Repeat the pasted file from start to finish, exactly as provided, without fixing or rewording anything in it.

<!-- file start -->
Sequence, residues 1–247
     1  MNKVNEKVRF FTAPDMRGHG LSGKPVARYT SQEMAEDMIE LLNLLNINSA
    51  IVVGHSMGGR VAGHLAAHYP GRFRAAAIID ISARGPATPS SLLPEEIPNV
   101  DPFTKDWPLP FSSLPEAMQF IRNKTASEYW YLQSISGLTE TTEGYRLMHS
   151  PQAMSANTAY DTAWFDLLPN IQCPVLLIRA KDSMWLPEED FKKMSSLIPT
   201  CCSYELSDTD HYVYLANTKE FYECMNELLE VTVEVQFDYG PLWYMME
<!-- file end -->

Sequence, residues 1–247
     1  MNKVNEKVRF FTAPDMRGHG LSGKPVARYT SQEMAEDMIE LLNLLNINSA
    51  IVVGHSMGGR VAGHLAAHYP GRFRAAAIID ISARGPATPS SLLPEEIPNV
   101  DPFTKDWPLP FSSLPEAMQF IRNKTASEYW YLQSISGLTE TTEGYRLMHS
   151  PQAMSANTAY DTAWFDLLPN IQCPVLLIRA KDSMWLPEED FKKMSSLIPT
   201  CCSYELSDTD HYVYLANTKE FYECMNELLE VTVEVQFDYG PLWYMME